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Costs, Benefits, and Risks of Alternative Insect Management Strategies in Food Processing and Grain Storage Facilities

Investigators
Adam, Brian
Institutions
Oklahoma State University
Start date
2014
End date
2019
Objective

The general objective of the proposed research is to improve the ability of the grain marketing system to respond to increased pesticide regulations and to consumer demands for wholesome, insect-free foods. The specific objectives are:Estimate costs, benefits and risks of incorporating more IPM components in pest-control strategies in stored grain facilities, and Estimate costs, benefits and risks of incorporating more IPM components in pest-control strategies in food processing facilities.

More information

In order to complete objective 1, the models developed and used in the previous HATCH project (explained in Adam et al. 2006b and Adam et al. 2010) to estimate costs of alternative insect control strategies will continue to be updated, adjusted, and recalibrated based on continuing data input from entomologists and agricultural engineers cooperating on this project and the grant-funded projects noted below.Second, economic risks associated with alternative insect control methods, including those intended to reduce the use of chemicals, will be measured. The sources of risk considered are sampling risk, risk of inadequate insect control, and risk of pesticide residue or insect detection leading to rejection by buyer. Sampling risk is the risk that sampling will fail to detect insects, and economic damage will result from failure to control them. It also includes the risk that sampling will lead to overestimates of insect numbers, resulting in costly, unnecessary treatments, and the risk that sampling at point of sale will overestimate the number of insects in the population, causing economic loss to the seller. In order to complete Objective 2, the principles and framework used for Objective 1 will be used, except that individual sources of cost within the broad categories outlined above are likely greater in number and type than for grain storage firms because of the greater complexity of food processing firms. Less research has been conducted in this area, so fewer tools (such as insect growth models and expert systems) are available to support these procedures. (An exception is a model developed by Flinn et al. 2010 that predicts insect population on each floor of a flour mill, depending on temperature and humidity as well as on cleanliness of the facility and several different treatments.) Also, field data will be more difficult to obtain because of the likely reluctance of food processing firms to allow detailed observation of their practices and facilities. However, collaborators on the grant-funded projects cited below have established contacts with key firms in their respective industries, which may provide representative observations and data.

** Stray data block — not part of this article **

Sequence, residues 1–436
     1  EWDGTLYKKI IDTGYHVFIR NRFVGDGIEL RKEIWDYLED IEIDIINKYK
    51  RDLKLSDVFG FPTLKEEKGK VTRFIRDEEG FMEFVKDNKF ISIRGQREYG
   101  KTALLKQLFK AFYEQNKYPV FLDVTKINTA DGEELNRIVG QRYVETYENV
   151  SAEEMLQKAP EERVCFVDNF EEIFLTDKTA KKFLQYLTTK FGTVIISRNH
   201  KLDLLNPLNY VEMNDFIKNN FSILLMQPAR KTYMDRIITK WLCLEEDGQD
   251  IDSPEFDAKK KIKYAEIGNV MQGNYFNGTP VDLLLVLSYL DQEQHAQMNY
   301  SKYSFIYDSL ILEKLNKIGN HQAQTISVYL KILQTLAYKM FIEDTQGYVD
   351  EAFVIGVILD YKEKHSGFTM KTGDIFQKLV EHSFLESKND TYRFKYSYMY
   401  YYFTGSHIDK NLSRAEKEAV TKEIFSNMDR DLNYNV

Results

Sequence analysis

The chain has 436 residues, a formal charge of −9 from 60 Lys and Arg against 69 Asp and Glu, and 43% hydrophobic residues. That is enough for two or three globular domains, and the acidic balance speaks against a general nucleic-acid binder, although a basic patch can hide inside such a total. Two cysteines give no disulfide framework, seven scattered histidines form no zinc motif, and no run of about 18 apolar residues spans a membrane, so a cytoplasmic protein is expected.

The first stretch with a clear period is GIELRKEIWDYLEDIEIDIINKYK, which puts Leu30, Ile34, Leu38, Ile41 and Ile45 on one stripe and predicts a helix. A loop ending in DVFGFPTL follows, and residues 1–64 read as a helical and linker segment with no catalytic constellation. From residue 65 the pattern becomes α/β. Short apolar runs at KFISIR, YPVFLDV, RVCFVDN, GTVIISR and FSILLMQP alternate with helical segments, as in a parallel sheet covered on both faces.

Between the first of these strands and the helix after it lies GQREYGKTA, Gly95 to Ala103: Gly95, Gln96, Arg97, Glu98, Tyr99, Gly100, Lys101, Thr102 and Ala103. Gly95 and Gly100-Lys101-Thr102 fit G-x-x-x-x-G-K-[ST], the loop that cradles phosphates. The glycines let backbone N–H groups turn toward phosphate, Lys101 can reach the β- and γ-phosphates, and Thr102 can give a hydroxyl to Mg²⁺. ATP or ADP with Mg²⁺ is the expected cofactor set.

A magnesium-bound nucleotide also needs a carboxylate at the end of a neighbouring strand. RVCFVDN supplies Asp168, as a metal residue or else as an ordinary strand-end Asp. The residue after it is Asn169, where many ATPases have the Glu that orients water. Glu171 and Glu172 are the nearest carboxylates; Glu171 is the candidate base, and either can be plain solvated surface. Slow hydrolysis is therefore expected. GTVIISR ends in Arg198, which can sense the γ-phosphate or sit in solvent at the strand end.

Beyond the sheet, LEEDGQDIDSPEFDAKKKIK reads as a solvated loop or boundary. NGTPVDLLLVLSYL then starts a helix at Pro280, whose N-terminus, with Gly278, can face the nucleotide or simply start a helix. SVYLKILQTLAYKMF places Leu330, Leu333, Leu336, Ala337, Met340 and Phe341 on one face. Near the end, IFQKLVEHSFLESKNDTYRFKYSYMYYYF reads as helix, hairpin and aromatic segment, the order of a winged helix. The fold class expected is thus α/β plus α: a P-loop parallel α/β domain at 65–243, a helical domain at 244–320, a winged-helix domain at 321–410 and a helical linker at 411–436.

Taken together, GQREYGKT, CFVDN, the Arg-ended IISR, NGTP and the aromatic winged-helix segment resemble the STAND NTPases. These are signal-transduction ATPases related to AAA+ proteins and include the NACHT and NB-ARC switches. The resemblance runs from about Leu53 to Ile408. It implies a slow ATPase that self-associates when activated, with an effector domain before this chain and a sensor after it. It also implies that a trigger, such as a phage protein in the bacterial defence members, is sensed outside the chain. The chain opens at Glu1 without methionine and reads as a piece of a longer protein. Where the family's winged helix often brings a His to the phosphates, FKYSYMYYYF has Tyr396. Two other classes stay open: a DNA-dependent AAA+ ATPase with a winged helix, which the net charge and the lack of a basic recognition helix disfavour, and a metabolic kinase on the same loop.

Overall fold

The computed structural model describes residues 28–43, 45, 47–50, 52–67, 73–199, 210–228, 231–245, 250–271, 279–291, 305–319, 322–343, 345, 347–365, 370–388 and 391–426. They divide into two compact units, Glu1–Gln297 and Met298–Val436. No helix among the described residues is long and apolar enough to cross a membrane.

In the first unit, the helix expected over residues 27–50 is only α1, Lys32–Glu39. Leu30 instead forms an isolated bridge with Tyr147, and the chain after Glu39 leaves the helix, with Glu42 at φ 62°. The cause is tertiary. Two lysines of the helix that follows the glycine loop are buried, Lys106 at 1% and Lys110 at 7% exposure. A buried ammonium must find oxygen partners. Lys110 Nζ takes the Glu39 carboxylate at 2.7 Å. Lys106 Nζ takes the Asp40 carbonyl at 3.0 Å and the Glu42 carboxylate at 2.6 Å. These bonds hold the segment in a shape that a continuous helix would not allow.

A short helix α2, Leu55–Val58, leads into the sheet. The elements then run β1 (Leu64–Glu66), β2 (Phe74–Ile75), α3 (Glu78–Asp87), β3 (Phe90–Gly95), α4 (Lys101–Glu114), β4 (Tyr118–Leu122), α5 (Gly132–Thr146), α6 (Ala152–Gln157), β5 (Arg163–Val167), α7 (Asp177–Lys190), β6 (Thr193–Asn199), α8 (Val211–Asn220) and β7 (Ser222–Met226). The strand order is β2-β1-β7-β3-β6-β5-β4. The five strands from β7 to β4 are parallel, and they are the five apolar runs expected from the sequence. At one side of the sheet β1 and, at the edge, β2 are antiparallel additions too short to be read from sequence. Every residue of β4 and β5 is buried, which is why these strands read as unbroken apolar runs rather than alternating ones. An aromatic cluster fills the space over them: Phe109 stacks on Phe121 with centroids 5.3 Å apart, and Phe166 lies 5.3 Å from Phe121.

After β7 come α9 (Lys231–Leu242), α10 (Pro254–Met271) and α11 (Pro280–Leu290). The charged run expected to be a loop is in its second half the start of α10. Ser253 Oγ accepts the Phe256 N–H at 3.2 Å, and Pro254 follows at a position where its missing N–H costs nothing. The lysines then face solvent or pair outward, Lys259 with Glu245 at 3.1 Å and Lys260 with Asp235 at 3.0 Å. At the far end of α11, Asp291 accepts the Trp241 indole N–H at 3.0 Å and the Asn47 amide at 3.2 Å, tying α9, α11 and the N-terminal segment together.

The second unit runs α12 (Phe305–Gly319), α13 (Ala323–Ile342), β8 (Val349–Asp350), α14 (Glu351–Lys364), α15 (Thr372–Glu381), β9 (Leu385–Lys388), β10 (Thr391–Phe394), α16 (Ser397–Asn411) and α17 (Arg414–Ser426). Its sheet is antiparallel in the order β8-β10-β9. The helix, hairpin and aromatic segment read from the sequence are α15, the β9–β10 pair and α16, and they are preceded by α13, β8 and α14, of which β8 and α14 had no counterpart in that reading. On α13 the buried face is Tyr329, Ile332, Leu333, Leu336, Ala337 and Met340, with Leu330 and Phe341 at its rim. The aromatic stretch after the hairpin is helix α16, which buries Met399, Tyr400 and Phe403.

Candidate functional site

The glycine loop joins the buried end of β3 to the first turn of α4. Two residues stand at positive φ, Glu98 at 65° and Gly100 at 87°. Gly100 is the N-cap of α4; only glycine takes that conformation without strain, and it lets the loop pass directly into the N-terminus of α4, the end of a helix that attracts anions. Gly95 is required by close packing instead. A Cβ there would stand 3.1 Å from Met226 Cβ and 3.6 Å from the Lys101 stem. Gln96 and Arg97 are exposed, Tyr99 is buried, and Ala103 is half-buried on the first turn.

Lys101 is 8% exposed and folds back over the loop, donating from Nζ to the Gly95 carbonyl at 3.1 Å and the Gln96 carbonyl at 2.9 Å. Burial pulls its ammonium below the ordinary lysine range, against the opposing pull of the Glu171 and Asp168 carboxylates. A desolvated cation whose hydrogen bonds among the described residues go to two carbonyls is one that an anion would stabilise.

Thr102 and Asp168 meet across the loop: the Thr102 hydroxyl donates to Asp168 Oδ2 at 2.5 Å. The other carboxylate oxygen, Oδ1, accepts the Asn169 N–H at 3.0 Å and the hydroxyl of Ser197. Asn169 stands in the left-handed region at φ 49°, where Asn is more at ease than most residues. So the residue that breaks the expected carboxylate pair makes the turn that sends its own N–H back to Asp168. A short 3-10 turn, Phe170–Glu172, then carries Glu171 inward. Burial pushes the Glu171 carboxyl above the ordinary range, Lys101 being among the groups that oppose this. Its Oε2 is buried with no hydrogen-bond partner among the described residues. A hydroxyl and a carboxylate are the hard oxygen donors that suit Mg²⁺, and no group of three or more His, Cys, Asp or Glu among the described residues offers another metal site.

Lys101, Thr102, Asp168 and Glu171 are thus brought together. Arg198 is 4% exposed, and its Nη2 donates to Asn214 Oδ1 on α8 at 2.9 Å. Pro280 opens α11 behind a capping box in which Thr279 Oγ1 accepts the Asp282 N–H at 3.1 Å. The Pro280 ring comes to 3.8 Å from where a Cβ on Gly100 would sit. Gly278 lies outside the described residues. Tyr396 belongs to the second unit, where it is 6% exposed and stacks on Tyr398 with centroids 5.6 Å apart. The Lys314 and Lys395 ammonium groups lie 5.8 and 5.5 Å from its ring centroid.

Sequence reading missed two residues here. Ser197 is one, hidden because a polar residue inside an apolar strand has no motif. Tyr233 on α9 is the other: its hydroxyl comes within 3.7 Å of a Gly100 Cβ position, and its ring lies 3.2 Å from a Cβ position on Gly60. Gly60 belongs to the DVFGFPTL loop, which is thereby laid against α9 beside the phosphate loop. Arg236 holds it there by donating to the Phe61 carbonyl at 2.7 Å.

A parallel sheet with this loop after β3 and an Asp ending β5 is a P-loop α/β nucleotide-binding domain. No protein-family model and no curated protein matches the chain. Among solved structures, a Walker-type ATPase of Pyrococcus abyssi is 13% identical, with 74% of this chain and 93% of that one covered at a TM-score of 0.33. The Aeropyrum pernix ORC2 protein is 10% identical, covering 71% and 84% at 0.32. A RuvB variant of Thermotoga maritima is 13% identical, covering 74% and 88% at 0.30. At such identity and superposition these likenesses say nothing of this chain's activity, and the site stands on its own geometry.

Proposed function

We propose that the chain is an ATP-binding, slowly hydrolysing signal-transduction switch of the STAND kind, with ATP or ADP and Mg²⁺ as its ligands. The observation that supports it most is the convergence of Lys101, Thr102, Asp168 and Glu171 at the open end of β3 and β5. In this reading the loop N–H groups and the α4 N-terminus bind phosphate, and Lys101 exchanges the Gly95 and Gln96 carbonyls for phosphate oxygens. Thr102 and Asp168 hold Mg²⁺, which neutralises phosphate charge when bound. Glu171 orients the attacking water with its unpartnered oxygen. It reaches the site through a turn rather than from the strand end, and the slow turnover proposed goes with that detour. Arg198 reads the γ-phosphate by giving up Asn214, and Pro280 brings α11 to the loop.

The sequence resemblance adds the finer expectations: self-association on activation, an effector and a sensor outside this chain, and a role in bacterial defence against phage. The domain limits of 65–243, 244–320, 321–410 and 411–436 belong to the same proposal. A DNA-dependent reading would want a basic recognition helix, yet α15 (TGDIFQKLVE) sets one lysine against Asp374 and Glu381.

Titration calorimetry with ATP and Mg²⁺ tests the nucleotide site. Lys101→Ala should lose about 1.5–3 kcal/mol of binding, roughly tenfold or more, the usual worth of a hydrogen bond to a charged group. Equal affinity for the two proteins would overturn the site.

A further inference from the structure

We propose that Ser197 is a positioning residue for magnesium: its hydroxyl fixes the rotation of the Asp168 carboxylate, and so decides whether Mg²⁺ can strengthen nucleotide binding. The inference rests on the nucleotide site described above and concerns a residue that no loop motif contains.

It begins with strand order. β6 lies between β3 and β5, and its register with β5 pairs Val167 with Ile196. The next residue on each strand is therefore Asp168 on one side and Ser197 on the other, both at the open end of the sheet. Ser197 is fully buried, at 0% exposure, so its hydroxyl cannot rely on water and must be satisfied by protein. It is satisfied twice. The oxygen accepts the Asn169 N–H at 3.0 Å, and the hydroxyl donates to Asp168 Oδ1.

Funding Source
Nat'l. Inst. of Food and Agriculture
Project source
View this project
Project number
OKL02977
Accession number
1005069
Categories
Chemical Contaminants
Commodities
Grains, Beans, Legumes